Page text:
At TEDGlobal 2013 environmental systems researcher Lian Pin Koh presents a new and unexpectedly benign use for drones: nature conservation.
Nepal has natural landscapes that are beautiful — and in danger. But wildlife conservation is costly, and time- and labor-consuming. Behold: Conservation drones, a new tool being used in Nepal to combat wildlife crime. These drones give a bird’s-eye view of the landscape and capture detailed, high-definition images of objects on the ground.
Conservation drones are cheap and simply made. At the core, they are model aircrafts fitted with autopilot systems. Each contains a small computer chip equipped with a GPS, barometric altimeter and other sensors, and carries a payload such as a video or photographic camera. The software allows a user to program the drone easily on an open-source Google Maps interface, and the drone even lands itself. All told, one drone costs no more than a decent laptop.
Koh’s drones are now used in remote parts of the Indonesian rainforest to track orangutan nests and monitor the species population. Traditionally, orangutan monitoring happens on foot with binoculars, and in the past it has cost up to a quarter of a million dollars to estimate the size of the population in this region.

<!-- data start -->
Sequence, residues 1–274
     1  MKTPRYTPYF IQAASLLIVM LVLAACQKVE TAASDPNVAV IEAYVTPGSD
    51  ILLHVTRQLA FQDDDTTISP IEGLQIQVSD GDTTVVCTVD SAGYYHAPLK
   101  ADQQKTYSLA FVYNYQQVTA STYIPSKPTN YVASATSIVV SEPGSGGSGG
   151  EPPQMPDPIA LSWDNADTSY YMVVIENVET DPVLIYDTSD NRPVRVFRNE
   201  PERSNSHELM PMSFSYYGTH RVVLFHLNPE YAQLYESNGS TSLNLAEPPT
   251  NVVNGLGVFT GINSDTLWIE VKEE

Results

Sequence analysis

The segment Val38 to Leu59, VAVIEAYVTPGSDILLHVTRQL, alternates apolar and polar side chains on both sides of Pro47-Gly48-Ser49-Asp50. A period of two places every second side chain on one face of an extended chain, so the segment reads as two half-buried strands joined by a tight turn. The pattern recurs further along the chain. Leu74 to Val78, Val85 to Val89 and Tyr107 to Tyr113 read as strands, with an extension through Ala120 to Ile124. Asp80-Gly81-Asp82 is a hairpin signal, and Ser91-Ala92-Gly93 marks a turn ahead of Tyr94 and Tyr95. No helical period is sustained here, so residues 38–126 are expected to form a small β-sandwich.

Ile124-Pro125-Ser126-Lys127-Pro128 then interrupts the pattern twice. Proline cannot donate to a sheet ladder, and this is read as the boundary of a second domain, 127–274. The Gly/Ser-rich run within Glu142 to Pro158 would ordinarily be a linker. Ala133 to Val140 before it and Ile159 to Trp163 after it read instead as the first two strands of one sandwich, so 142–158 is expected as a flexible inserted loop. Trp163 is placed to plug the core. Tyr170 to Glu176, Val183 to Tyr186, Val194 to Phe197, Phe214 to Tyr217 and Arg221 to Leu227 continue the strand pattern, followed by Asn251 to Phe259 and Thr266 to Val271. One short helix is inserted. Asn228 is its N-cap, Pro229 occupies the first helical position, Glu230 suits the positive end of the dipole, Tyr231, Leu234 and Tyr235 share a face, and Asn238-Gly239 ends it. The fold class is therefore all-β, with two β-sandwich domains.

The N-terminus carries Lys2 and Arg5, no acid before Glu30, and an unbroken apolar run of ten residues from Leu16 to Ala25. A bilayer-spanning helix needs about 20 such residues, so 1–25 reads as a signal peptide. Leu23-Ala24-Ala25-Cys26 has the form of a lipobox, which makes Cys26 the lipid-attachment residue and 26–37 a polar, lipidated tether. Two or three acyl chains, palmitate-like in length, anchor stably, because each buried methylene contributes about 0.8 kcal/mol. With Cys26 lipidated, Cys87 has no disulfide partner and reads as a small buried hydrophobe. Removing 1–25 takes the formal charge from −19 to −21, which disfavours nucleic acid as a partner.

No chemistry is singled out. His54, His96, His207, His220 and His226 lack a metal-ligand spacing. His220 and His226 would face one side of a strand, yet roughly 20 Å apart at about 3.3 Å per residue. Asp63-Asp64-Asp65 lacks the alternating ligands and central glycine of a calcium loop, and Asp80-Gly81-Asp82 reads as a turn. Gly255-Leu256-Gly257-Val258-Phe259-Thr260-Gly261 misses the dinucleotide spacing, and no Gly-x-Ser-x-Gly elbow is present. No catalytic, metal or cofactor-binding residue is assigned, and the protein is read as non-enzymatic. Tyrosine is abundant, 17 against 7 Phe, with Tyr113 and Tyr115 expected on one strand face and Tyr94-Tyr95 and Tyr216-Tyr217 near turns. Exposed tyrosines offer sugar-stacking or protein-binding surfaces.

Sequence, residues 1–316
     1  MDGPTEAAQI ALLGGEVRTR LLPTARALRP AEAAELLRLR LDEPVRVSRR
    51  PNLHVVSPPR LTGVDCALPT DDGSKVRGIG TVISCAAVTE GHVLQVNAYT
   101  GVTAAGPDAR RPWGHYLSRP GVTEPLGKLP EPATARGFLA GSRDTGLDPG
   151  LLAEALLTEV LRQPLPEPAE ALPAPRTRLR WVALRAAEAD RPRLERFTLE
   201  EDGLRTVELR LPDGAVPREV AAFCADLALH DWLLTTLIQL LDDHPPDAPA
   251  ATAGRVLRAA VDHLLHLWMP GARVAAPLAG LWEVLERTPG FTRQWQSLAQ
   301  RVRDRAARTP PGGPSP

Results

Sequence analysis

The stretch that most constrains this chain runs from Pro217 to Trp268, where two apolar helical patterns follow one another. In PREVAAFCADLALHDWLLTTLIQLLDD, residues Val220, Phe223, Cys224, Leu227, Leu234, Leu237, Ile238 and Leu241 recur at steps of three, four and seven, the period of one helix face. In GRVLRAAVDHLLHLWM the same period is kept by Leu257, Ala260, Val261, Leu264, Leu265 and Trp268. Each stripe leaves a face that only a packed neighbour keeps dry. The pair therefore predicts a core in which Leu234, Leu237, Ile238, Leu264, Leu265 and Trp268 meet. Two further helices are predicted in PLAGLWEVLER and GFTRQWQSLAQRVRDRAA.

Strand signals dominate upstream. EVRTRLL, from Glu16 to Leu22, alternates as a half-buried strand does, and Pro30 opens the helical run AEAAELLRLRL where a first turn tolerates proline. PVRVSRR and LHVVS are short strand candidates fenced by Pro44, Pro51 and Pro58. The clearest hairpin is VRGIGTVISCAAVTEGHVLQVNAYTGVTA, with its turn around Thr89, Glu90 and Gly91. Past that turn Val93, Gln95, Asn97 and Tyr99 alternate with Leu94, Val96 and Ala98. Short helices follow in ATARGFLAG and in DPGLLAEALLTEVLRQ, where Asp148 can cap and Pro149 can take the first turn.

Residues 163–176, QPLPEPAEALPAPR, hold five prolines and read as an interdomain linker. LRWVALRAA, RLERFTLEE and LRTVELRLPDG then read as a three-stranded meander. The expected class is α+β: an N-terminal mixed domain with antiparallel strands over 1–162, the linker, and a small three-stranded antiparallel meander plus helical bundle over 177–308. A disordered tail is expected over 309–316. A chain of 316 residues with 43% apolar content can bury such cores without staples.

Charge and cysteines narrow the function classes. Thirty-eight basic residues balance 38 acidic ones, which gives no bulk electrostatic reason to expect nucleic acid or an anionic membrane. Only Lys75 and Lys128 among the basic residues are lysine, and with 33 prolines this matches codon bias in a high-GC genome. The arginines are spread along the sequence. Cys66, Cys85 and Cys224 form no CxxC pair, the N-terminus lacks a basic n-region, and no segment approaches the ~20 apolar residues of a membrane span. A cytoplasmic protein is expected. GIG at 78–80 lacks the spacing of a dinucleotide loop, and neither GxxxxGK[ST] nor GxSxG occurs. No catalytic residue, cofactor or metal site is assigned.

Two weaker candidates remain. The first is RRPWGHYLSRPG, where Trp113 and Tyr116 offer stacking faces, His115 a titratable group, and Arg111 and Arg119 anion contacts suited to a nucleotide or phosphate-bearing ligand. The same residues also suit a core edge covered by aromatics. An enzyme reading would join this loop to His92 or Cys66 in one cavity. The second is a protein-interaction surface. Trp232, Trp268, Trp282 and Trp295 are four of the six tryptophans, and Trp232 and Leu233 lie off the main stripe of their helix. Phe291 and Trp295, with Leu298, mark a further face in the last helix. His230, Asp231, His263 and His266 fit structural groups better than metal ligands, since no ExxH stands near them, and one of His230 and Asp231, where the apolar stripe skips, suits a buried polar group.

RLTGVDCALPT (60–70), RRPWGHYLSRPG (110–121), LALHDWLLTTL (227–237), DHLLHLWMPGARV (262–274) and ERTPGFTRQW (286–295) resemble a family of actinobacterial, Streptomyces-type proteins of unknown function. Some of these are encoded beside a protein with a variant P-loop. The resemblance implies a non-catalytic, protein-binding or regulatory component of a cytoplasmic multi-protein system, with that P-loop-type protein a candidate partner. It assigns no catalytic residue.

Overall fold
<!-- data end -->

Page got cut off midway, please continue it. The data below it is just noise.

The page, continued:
Koh and his team have been able to capture dozens of nests on camera, and are working with scientists now to develop algorithms that could automatically detect orangutan nests from among thousands of photos.
Recently Koh and his team have begun experimenting with thermal imaging cameras to detect poachers. And conservation drones are rapidly improving; Koh’s latest MAJA model has a 1.8-meter wingspan, weighs two kilograms, and can stay in the air 40 to 60 minutes at a time. The potential uses are endless: They can be used to monitor other species populations, the health of trees, deforestation, agricultural expansion, illegal logging, and so on. As Koh and his team are showing, drones are not only the ultimate “toys for boys,” but can be effective tools in protecting the environment.
Lian Pin Koh’s talk is now available for viewing. Watch it on TED.com »